Have you ever been disappointed in a Tarot General Reading?
I bet the answer is ‘yes.’ I know I have.
If you click “search” on the Google homepage without entering anything in the search box, what do you get?
You don’t get anything. The page stays static, you don’t learn anything, you don’t get any solutions. This is the equivalent of a “General Reading” in Tarot.
What if you Google: “relationship?”
The first entry will likely be the definition of the word. This is great if you don’t know what relationship means. It is a very helpful search. Assuming you know what relationship means, the first entry isn’t all that helpful.
The next entries show the results of what the algorithm thinks you might actually want to know about “relationship.” But, since you didn’t specify what you wanted to know, it has to base the results on what other people often search in regards to “relationship.” What does Google do? It lists the questions that people have asked in the past about “relationship.” Then you can click select from among them.
Tarot is like Google.
With just a general theme or area Tarot will often state the obvious. The cards pulled in a General Reading will often simply define the situation. This leaves the ball in your court to dig deeper by asking questions.
If you don’t ask Tarot any questions you won’t get any answers.
If you just point the reading in a vague direction without some curiosity for a particular aspect of that topic you will get a basic summary of the situation, or a hodgepodge of related topics that may or may not be relevant or important to your interests in the situation.
Tarot provides a wealth of information when there is give and take in the reading.
In any good conversation someone has to ask the questions. If you do not ask questions then Tarot will often do the polite thing and ask you questions.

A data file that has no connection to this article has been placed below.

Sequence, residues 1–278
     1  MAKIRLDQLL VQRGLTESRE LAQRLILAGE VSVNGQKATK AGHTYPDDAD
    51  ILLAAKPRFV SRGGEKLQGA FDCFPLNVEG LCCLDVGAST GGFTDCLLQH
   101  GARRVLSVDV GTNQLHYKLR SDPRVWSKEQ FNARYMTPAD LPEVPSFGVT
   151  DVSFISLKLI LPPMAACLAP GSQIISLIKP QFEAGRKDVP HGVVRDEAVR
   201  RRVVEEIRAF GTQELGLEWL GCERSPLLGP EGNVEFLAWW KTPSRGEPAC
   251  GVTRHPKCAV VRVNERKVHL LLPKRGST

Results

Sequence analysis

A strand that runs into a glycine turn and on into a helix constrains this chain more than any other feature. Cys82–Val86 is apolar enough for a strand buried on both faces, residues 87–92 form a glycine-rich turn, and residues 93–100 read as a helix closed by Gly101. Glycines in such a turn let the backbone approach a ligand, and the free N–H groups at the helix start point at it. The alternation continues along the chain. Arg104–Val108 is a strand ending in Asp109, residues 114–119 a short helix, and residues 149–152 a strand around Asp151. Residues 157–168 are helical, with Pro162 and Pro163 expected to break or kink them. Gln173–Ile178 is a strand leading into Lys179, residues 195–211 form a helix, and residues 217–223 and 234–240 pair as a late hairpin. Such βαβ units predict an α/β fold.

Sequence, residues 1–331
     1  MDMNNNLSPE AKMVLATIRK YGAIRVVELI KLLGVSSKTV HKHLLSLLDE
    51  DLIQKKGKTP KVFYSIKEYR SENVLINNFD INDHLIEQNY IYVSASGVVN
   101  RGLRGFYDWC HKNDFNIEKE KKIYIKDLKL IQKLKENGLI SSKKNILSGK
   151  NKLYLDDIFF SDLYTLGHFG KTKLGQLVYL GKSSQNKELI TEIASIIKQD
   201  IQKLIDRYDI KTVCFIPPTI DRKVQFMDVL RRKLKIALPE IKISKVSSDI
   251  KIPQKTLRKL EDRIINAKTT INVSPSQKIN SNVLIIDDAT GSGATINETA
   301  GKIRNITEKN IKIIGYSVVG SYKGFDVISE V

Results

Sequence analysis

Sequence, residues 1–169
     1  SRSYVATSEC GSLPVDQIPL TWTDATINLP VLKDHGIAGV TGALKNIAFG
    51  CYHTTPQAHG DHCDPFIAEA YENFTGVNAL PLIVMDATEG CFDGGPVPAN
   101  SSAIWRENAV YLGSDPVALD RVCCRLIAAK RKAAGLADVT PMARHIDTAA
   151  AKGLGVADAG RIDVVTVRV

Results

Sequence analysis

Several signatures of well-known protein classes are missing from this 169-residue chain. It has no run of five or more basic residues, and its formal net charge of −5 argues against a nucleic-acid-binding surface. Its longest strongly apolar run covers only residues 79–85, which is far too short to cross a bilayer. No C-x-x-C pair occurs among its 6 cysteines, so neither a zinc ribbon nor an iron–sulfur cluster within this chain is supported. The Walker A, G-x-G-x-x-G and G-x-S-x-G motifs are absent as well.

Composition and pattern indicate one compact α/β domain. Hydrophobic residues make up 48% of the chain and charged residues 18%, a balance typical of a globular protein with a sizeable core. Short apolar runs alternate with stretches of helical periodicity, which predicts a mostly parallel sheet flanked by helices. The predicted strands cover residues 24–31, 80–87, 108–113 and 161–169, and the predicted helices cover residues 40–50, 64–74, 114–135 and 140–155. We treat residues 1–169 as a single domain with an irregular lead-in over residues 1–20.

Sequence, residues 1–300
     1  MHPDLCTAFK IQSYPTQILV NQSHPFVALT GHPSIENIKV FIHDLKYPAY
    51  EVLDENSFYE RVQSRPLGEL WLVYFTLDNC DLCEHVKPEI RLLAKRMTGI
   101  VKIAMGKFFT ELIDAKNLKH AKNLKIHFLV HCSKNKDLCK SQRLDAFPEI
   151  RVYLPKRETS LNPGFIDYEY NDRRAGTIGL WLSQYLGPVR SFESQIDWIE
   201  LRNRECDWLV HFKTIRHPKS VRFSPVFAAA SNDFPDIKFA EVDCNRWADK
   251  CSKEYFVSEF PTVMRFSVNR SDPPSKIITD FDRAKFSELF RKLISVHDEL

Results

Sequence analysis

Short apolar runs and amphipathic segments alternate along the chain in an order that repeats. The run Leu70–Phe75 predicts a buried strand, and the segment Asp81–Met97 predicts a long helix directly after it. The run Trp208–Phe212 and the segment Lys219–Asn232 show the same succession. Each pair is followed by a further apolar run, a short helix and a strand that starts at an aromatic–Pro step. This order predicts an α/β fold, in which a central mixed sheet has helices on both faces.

Sometimes the questions are direct and easy to answer. Other times the questions that Tarot will ask you are wonderful prompts for journaling, topics for pondering, or inspiration for meditation. If you dig deep into the questions that Tarot asks, you will find meaningful answers hidden within you. And you will likely gain a new perspective.
Sometimes Tarot can be bossy.
Rather than asking you to answer questions, sometimes Tarot gives you directives, assignments, or tasks.
If you’d rather not be sent off with homework, you should come prepared with questions!
There’s no guarantee that you won’t still end up with homework. But, if you do it will at least be homework that you want, homework that will assist you to make progress with your specific goals!
Forewarned is forearmed. If you come to a Tarot reading without a question, one of 3 things is likely to happen: you’ll get a recap of the situation – likely things you already know, Tarot will ask you the questions, or you’ll be given some homework to do!
If you still want a General Reading, a good all-purpose Tarot spread like the Celtic Cross or even a simple 3-card spread are good ways to help define the reading with pre-determined questions. Or you can try a theme reading like Chart your Path or My Future Love. But, the very best way to get the most out of a Tarot reading is to ask the specific questions that you want answers to!